- Audio CD (September 2, 2016)
- Number of Discs: 1
- Label: CD Baby
- Run Time: 43 minutes
- ASIN: B000GDH8OC
- Average Customer Review: 5 customer reviews
- Amazon Best Sellers Rank: #383,683 in CDs & Vinyl (See Top 100 in CDs & Vinyl)
Cruel Words by Johnny Dowd
An all-American original, Johnny Dowd combines a sound that suggests roots rock from the Twilight Zone, writing steeped in film noir, and a craggy voice that raves more than it croons. Prophet or musical madman? With the return of vocalist Kim Sherwood-Casio to smooth some of Dowd's rough edges (though in these surroundings she sounds like the ingénue trapped in a horror movie), the bare-bones interplay of Michael Stark's keyboards, Brian Wilson's drums, and the jagged edges of Dowd's guitar reinforce the dark essence of the material. Whether it's the unnerving spoken-word recitation of "Corner Laundromat," the musician's epitaph of "Final Encore," or the soldier returning with wheelchair in "Praise God," Dowd and band explore thematic dimensions where lesser mortals fear to tread. Kindred spirits and co-conspirators Jon Langford and Sally Timms of the Mekons join him for the alcoholic's singalong "Drunk." Changes of pace include a surf-style instrumental--"Wilder than the Wind '66"--and a finale that grafts Black Sabbath's "Iron Man" onto Chuck Berry's "Johnny B. Goode." "Ding Dong" suggests that, for Johnny Dowd, every day is Halloween. --Don McLeese
Top customer reviews
Cruel Words is just an excellent, no-frills, rock album. Johnny gets right to the point lyrically, laying-out the cold hard truth on every one of these tunes. His accompaniment is superb, with special credit due Michael Stark for some hauntingly beautiful organ. The production is very good with nice definition between the instruments and a very good sound to the rhythm section.
If you like your liquor straight-up, Johnny Dowd is probably the artist for you. They both really burn when they go down (heh-heh).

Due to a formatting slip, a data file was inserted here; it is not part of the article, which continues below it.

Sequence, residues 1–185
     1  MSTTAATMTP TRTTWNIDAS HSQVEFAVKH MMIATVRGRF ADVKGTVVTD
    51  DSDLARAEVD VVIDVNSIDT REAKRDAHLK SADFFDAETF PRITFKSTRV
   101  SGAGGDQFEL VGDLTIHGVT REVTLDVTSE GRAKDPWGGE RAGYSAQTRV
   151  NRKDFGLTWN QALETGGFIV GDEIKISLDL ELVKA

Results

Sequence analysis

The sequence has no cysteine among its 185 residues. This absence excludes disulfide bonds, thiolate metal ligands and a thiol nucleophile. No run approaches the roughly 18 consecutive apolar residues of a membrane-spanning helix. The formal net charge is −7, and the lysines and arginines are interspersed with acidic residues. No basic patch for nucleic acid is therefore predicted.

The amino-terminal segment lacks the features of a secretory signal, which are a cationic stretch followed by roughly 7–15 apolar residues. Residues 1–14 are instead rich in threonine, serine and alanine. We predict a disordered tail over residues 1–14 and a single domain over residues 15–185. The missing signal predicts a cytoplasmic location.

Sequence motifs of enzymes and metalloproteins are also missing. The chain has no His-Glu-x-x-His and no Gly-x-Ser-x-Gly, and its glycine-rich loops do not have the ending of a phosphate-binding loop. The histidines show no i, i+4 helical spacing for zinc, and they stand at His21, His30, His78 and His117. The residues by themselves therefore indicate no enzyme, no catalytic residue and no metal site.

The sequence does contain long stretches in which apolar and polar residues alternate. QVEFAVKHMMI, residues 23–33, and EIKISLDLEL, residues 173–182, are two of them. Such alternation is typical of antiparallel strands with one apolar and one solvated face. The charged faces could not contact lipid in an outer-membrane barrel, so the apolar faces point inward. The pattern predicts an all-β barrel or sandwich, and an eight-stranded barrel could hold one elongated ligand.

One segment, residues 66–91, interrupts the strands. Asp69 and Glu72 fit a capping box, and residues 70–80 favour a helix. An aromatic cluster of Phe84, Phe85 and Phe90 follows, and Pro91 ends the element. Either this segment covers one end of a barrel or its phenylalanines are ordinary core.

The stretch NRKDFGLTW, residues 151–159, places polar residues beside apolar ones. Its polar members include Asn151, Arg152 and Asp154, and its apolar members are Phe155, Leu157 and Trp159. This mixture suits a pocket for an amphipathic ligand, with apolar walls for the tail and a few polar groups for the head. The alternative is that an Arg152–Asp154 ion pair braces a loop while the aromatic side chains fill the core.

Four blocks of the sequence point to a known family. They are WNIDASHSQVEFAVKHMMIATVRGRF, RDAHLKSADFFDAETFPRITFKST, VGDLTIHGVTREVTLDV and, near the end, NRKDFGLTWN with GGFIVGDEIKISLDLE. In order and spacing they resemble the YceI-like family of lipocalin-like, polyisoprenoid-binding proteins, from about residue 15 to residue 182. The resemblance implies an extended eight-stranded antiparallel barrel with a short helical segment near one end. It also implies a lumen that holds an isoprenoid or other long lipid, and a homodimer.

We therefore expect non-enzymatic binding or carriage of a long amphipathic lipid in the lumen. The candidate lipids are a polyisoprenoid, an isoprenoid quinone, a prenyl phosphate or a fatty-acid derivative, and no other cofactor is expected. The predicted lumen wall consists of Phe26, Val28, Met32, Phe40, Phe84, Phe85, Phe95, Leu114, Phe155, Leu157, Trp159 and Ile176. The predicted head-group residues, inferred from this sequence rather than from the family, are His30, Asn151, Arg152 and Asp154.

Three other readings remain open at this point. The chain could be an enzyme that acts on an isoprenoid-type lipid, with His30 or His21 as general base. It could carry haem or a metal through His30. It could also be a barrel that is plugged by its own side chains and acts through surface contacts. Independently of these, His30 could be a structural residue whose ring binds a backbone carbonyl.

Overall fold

Cruel Words, Johnny Dowd's sixth album and second for Bongo Beat, follows a trajectory set in motion by the self-released Wrong Side of Memphis in 1998. Johnny was 50 years old at the time, working at Zolar Moving Company in Ithaca, N.Y., by day and recording in their offices by night (it's ok, he's one of the owners) - a pattern that hasn't changed much over the years except for Cruel Words, which was recorded at Ithaca's Pyramid Sound with longtime friend and engineer Alex Perialas.
It's no surprise that Europeans were the first to embrace him. Here was a fully formed character who'd emerged from nowhere, a guitar-toting white-haired James Dean flashing a sly grin as he casually handrolled a cigarette during the course of a song. Born in Ft. Worth, Texas, Johnny spent his childhood in Pauls Valley, Oklahoma. "This is where my musical education took place. I had a pair of pointy shoes and a red shirt that I wore when I pretended to be James Brown." After his parents divorced, the family moved to Memphis, where Johnny got his first guitar.
Dowd's musical canon cuts a wide swath across the fringes of American music, twisting and prodding each form into something it shouldn't be: country funneled through free jazz, an Okie drawl crooning over swamp psychedelia. It all becomes a little clearer when you're told that his two favorite records as a kid were James Brown's Live at The Apollo and Hank Williams as Luke the Drifter, a yin-yang template that frames the Johnny Dowd songbook.